Steam client update code points to possible handheld console in the works
Valve’s latest Steam client beta has pointed towards the possibility of a future hardware release, with suggestions that it’s going to be a handheld console.
SteamDB creator Pavel Djundik tweeted about another appearance of a project codenamed Neptune. The name made its first appearance back in September, but this update coupled it with references to “SteamPal” and “SteamPal Games” (thanks, VGC). Djundik also pointed out references to a quick access menu and a power menu. There are also strings relating to a low battery notification, Bluetooth and airplane toggles, and the options to restart, shut down, and suspend…something.
Djundik says he reckons all the strings found in the update relate to Neptune, coming to the conclusion that Valve could potentially be making a handheld Steam console. It’s not a far-fetched suggestion either, especially taking into account that a decent amount of the strings relate to things you’d often find on a handheld device.
This update also added a “quick access menu” and a “power menu”I have a feeling all these strings related to “Neptune”: https://t.co/Ih0K2y4E5AIs Valve making a handheld Steam console?May 25, 2021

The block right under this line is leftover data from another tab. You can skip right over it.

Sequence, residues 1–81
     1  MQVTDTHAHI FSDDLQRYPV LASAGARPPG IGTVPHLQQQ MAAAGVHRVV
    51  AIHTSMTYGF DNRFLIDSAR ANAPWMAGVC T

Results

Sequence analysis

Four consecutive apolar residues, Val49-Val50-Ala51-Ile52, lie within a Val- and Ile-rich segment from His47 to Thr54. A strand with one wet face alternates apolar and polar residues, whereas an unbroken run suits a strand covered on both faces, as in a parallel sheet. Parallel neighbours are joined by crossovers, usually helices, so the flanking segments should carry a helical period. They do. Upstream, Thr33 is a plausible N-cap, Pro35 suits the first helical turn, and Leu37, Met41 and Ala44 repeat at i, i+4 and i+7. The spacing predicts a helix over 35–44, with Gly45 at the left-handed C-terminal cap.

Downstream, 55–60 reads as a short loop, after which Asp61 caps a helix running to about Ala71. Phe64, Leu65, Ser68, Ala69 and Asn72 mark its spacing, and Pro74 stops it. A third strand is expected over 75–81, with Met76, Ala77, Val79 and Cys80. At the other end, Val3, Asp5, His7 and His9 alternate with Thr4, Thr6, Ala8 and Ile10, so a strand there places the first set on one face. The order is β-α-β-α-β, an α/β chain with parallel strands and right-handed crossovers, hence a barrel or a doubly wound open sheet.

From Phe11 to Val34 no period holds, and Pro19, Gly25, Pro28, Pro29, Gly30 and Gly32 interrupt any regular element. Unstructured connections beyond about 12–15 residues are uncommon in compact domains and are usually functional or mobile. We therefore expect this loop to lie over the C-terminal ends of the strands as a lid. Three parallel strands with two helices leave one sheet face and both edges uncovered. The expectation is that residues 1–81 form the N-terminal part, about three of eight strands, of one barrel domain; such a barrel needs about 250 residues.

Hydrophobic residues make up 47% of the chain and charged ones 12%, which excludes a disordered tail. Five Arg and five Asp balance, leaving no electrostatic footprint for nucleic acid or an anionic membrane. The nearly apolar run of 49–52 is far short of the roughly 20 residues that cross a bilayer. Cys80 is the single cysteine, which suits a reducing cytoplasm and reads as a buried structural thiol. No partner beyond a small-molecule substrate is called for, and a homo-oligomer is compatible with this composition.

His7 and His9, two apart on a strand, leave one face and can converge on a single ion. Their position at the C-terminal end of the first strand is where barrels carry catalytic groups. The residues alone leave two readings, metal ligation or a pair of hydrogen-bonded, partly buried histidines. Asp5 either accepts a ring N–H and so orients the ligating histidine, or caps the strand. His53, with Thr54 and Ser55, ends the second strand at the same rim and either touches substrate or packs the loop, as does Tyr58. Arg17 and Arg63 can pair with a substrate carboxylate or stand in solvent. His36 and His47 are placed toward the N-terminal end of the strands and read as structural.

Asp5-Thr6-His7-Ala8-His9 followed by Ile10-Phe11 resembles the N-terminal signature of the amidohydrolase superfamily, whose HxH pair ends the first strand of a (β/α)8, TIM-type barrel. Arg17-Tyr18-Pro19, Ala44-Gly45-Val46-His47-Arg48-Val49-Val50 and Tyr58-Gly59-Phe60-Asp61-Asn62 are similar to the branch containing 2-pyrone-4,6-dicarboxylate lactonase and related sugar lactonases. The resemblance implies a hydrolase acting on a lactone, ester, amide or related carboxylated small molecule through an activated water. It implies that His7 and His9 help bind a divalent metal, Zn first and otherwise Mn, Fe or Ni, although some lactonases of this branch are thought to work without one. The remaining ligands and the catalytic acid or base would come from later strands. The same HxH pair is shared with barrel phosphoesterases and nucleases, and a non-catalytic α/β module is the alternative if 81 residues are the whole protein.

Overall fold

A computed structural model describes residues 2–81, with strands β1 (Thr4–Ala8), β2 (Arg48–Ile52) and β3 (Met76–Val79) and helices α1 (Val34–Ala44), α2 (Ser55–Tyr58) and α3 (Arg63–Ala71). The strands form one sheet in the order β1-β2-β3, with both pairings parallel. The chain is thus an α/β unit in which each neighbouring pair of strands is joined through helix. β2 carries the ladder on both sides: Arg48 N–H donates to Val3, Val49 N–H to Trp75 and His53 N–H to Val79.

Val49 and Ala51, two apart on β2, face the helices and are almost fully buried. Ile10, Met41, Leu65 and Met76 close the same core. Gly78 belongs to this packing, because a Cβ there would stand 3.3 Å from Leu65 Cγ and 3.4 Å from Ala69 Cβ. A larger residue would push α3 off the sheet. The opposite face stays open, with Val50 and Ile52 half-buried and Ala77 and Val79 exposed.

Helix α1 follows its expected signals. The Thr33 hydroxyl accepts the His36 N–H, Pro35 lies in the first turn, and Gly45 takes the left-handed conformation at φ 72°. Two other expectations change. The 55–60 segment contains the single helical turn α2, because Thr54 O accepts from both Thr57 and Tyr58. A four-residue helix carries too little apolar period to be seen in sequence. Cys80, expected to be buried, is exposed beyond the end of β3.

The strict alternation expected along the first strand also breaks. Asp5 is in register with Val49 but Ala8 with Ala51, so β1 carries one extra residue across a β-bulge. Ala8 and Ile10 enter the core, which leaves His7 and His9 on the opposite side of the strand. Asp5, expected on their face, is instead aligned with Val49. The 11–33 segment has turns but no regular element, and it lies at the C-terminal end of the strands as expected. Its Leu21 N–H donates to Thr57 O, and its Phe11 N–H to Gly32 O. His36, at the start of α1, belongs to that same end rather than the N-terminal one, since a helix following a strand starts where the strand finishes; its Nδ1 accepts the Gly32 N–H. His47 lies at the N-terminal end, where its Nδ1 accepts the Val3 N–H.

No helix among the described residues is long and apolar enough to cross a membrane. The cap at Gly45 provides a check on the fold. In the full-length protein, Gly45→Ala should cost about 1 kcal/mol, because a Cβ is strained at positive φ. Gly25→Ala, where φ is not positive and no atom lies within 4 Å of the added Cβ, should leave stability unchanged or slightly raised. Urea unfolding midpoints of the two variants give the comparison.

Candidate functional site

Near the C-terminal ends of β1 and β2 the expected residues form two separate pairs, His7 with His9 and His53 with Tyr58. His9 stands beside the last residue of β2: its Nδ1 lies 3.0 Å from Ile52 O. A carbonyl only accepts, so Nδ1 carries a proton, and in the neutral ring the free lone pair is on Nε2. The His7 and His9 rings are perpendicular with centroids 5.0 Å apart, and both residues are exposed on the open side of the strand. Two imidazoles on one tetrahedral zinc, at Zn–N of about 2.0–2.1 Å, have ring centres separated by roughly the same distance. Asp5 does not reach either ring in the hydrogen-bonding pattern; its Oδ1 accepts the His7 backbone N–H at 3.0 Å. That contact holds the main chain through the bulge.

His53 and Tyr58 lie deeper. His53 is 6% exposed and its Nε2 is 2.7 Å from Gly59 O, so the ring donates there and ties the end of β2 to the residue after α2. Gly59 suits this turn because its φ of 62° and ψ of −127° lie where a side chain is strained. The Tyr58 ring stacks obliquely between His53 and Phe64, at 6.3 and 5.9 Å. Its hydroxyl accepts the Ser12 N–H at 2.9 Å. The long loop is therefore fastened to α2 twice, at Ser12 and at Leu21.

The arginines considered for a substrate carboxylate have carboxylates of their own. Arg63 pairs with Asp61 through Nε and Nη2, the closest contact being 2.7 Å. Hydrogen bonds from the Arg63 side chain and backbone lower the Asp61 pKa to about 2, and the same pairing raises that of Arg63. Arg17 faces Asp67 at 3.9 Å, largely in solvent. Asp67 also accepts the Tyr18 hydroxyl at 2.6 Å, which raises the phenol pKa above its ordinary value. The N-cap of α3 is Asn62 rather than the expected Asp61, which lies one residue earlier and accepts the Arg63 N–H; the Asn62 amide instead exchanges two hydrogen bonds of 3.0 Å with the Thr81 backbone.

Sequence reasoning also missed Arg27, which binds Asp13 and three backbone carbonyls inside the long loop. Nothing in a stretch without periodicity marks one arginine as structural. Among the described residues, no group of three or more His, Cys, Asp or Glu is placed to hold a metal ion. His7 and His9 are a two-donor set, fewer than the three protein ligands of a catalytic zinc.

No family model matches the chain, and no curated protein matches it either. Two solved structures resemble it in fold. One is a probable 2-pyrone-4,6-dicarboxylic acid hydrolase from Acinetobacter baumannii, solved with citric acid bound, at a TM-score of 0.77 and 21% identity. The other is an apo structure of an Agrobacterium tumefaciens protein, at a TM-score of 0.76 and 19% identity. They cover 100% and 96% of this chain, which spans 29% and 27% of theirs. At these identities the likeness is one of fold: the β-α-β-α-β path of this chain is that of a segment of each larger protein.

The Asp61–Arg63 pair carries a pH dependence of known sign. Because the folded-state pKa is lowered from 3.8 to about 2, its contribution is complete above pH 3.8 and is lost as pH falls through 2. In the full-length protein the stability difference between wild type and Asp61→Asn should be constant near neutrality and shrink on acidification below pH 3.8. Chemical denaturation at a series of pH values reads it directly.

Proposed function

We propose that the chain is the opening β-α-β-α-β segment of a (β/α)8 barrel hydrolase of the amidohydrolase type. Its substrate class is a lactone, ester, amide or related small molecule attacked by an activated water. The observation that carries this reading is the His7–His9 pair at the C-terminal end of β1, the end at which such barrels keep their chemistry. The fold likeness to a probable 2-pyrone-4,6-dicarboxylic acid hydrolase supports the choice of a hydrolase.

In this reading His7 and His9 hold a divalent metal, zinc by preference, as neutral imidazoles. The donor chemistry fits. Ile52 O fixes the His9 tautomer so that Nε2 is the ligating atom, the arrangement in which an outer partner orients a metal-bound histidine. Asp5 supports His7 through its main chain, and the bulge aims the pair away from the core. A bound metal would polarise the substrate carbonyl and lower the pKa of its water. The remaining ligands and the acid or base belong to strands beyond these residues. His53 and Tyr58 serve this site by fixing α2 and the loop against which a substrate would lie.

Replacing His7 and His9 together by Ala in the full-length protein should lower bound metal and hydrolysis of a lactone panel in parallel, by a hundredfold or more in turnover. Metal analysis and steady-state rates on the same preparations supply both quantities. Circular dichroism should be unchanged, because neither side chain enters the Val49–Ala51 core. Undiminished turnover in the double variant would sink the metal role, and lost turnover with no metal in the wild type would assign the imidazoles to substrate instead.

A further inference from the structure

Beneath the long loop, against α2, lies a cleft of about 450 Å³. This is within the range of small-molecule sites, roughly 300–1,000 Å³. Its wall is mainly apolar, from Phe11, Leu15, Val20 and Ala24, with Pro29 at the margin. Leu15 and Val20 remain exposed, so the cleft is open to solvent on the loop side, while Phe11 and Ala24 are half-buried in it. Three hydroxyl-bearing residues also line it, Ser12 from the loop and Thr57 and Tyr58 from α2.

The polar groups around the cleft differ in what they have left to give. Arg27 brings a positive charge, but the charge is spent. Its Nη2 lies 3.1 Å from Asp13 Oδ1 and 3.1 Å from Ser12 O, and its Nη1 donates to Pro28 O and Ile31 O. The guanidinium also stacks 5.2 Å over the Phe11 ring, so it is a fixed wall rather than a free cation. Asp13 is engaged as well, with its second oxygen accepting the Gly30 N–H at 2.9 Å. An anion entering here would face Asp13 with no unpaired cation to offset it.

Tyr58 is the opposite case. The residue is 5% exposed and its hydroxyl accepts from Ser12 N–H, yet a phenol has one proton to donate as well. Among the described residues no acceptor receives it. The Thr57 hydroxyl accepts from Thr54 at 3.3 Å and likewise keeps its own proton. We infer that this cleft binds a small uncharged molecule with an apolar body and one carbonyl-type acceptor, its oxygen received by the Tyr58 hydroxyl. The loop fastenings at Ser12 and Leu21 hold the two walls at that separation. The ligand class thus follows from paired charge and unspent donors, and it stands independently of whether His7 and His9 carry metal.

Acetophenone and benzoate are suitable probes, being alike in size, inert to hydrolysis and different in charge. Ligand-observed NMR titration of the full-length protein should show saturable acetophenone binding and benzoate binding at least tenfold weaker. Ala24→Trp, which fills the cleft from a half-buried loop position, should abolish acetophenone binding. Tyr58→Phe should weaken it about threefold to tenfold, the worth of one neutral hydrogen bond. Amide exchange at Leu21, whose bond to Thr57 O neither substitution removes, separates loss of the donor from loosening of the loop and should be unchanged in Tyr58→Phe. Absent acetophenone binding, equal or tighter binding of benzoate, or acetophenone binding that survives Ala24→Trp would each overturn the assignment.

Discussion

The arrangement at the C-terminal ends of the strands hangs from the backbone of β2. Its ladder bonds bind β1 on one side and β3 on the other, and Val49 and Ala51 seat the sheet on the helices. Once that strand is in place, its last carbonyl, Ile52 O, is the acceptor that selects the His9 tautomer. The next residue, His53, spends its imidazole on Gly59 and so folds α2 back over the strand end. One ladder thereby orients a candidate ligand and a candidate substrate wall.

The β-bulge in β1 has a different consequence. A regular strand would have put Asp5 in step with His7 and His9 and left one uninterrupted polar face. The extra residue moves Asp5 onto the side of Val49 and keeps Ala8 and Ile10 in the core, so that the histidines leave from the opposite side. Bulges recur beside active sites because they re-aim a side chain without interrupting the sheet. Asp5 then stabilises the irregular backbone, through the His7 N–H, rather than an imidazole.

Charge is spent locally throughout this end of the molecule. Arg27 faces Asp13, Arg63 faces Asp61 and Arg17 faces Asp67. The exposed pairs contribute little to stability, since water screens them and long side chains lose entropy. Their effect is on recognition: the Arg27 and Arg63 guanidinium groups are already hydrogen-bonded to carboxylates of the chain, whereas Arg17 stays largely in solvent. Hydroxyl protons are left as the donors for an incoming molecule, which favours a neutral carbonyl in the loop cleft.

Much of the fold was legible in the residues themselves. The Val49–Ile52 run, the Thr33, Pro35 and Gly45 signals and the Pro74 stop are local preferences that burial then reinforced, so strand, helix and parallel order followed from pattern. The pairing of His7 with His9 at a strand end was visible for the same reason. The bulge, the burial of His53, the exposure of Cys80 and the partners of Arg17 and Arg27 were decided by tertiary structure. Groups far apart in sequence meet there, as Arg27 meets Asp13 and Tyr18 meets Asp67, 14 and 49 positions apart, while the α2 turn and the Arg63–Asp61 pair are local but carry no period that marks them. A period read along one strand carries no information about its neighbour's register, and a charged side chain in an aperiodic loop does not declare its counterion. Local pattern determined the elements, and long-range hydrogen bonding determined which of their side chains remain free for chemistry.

It all lines up pretty neatly with Gabe Newell’s strange sockless chat at a New Zealand high school earlier this month, too. When a student at Sancta Maria College asked Newell if Steam games would ever come to console, he responded “you will get a better idea of that by the end of this year, and it won’t be the answer you would expect.”
I’d definitely plonk ‘a handheld Steam console’ in the ‘things we wouldn’t expect’ category, so it’s for sure a possibility. Though of course, some lines of code aren’t definitive proof of anything happening, and at this point it’s all speculation. It wouldn’t be the first time Valve dabbled in hardware, though, having previously released the Steam Link, Valve Index VR headset, Steam Controller, and the short-lived Steam Machine.
A bit of a faux-weeb, Mollie will argue why your JRPG waifu is the wrong choice despite having equally awful taste. When she’s not lurking in forums for nuggets of news, she’s probably still failing to full combo that one song in a rhythm game she’s been playing for years.